I work and sleep, work and sleep, and my mother, it feels, has drunk up every tear I might have shed, though she spared no love for my father when he was alive. When my father has been dead a month, I break his rules for the first time and take a pack of cigarettes off the bodega shelf. I close the shop early and go to the Mouth before home.

The night is loud as I smoke there at the lip of it. The distant trams screech through the Veins. Someone shouts in another complex across the road. A couple announces themselves noisily in a room nearby, and there is music pouring out of a window above.

I shout, just once, just to see how it would feel. I shout and the scrape of a shapeless noise in my throat is a surprising delight. I shout again and it thrills.

I shout myself raw. I scream and no one hears over their own noise. I drop my cigarette and scream until I can’t scream anymore, and I stamp my feet and tear at my hair. I rip up the grass and kick at the scales under my feet until they trip me. I hit the ground and my knees are bleeding, and my hands too, and I scream some more. I scream into the Mouth of the city, and the fresh blood drips between my fingers and into its maw. I hear it rumble, deep below, as if in agreement.


My mother is screaming and stumbling between me and the doorway. She reeks of ethanol, and I don’t know whether she’s telling me now to stay or go. She has demanded both in equal measure, but whatever she says now, I know I cannot live here another day.

She demands I tell her how she will support herself, how the bodega, my father’s legacy, will remain open, and I tell her that’s up to her now. And I feel sick to think of the place I have loved and lived in for so long as the husk she will soon let it become. But it is not mine, really. It never was. I pack everything I cannot live without into a duffel and leave without looking back.

I have eaten her food, I have slept in the embrace of her four walls, and I am going to leave her now? I’m a monster, a bitch. I am as good as fish bait to the world out there, and I will die in the gutter alone. Serves me right. I would let my own mother starve. If I go now, I had better stay gone and not ever come back.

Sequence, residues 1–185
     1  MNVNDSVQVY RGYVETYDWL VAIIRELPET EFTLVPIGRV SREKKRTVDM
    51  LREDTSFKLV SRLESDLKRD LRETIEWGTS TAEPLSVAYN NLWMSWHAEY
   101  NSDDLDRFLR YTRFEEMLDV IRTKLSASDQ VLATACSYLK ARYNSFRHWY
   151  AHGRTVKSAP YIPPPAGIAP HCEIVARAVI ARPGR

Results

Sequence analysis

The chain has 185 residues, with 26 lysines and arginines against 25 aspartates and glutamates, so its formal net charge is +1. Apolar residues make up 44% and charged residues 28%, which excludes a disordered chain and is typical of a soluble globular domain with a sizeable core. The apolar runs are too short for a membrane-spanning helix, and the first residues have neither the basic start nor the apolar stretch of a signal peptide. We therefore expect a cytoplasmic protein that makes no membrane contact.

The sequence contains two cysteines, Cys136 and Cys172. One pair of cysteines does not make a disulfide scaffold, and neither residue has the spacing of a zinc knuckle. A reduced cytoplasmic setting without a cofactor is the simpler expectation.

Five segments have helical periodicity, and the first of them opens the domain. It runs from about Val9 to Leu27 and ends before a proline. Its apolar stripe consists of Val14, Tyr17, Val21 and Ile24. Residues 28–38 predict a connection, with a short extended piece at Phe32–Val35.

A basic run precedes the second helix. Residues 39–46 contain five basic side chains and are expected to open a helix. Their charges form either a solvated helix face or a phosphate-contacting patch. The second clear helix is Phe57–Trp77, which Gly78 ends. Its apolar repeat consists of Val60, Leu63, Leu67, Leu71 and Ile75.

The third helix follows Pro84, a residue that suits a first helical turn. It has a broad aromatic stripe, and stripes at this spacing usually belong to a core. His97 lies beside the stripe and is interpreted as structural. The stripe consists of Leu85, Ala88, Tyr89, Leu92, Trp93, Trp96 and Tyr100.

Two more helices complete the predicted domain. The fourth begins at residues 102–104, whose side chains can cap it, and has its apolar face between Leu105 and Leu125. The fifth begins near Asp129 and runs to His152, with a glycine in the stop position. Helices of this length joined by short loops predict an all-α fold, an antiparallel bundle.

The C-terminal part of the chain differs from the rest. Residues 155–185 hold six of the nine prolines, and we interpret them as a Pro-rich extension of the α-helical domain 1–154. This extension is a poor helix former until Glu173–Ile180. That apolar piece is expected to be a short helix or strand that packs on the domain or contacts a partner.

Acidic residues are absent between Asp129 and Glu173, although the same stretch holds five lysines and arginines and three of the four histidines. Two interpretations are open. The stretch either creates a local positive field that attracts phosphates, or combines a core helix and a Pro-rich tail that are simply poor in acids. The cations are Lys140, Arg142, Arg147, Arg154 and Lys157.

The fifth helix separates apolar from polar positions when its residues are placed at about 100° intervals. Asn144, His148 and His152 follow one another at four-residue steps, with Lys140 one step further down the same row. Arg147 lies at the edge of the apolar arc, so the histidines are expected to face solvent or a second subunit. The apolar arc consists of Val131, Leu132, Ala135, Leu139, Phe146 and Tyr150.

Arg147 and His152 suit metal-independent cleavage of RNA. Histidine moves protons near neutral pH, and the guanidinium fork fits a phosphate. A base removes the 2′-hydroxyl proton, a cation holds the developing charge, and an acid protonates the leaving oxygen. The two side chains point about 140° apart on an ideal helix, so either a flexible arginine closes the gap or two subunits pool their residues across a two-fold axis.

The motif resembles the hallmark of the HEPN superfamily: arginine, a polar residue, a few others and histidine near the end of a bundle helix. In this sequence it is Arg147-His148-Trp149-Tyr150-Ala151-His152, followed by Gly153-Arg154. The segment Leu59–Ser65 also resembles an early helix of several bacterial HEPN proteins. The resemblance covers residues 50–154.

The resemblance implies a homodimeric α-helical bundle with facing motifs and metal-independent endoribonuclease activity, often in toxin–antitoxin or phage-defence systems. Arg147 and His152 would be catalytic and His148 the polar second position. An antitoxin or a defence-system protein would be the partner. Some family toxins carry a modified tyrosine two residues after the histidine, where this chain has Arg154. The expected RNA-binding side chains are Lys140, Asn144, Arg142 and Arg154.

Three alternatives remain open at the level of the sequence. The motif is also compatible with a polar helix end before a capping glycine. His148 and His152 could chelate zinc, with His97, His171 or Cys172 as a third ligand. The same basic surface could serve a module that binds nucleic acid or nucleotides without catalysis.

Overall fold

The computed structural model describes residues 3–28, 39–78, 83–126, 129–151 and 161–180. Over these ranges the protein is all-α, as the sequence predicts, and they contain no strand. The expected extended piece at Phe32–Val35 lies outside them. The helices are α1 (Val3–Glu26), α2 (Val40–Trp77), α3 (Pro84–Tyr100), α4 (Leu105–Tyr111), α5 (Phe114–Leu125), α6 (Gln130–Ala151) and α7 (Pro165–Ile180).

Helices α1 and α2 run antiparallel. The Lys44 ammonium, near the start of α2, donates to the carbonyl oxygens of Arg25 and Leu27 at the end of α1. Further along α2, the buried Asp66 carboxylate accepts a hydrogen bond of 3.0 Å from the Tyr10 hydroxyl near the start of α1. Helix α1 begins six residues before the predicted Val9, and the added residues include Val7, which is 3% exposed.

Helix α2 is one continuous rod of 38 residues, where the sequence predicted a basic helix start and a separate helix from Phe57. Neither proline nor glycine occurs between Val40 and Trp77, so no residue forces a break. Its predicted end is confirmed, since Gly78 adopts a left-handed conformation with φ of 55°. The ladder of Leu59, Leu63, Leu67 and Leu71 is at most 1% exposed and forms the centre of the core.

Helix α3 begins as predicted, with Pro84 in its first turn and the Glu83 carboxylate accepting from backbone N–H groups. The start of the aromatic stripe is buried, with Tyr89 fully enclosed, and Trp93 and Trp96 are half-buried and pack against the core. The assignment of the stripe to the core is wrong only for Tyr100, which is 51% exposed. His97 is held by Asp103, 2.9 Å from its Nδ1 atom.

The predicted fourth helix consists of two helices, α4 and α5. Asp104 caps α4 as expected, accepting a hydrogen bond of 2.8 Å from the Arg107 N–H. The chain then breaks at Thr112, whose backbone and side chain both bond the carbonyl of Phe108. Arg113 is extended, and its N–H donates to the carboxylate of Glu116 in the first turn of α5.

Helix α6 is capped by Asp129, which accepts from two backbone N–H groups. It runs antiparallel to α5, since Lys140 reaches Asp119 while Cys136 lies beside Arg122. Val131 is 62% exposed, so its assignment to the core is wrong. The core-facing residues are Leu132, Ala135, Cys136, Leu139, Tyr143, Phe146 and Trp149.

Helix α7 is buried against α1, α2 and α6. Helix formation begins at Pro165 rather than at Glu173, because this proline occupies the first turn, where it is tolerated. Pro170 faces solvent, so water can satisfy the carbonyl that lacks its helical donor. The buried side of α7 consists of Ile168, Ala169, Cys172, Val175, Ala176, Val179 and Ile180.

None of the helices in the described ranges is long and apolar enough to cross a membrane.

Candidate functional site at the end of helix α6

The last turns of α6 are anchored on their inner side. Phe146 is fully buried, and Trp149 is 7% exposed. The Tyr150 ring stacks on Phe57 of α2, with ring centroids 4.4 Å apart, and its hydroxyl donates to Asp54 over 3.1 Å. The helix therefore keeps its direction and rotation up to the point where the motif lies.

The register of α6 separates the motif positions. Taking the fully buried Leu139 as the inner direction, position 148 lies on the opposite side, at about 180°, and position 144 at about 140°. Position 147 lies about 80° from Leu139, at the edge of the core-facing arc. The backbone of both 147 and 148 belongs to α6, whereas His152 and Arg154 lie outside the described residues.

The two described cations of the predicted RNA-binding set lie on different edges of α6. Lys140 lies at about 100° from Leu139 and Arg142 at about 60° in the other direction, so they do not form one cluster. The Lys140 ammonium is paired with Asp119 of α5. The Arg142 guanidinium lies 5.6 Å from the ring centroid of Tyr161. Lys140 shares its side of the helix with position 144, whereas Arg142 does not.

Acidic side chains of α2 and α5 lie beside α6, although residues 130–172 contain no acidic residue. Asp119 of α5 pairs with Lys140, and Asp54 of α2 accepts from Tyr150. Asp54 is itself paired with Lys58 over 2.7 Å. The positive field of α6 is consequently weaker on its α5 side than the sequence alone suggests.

You bitch you bitch you bitch—

She follows me out the door and down the stairs. When we reach the sidewalk, I don’t stop. I don’t tell her who really owes who. But she grabs at me anyway. She is not strong, but she does not need strength to draw blood. Her nails bite into my flesh like teeth, her hand a hungry jaw. And then the ground beneath us groans.

It’s loud. So loud it stops my mother where she stands. The ground heaves hard enough to shake me free of her. It roils again until she is on her knees, but I have kept my footing.

The sound of the citymouth is the sound of rending metal, of snapping bone. It is a bellow of nothing but sound and motion. There is no stopping it until it is done.

The ground beneath my mother quakes, trembles away beneath her each time she tries to rise. I tell her I’m going now, and I do. I clutch the chain link beside me for strength, like holding a lover’s hand. The citymouth has gone wide and wailing, and I wish I had a bird to toss inside in thanks. I hold the fence until I reach the bodega. Its windows rattle, and the inside is dusty and dark. I say a silent goodbye, both to the Mouth and the place that feeds it.

And then I’m gone..


I like to believe the City has come to know us, we who live on its back.

Like anything, its many Mouths want food. Its Heart wants blood. Its Vent produces young. I wonder if, like anything, its flesh wants tenderness. I wonder if a body, any body, can survive on only what the mouth eats. Or if, like mine, it really can make do with what it must.


It has been only a few years, but the inside of my old home looks worse than I remember. Fingerfuls of dust come up wherever I touch, and my mother’s jetsam piles high enough to bury me. Until now, I had kept my word. I had gone, and I had not come back to her. But she’s the one who is gone now, and she can no longer make a liar out of me.

I have been living at the Heart, working the power plants, making the electricity my mother stopped paying for long before drink swallowed her. The house has been scrubbed clean of me. The room that was once mine is full of boxes and nothing else. In each box is a pile of invoices, unopened bills, dead moths, old shipments of crisps and sandwiches meant for the bodega, instead left to rot. Looking at them, I feel more an orphan than when I received the letter informing me of her death. I gather up the boxes, lift what I can carry, and go downstairs.

The citymouth lot next door is unchanged. Chain link loose enough for anyone to get through. Dry, untended grass. Trash littering the overgrowth of weeds. And my citymouth, breathing its sweet breath.

It yawns wide as I approach. It swells, edges trembling, as if reaching for me. As if knowing I cannot bear to carry this thing a moment longer.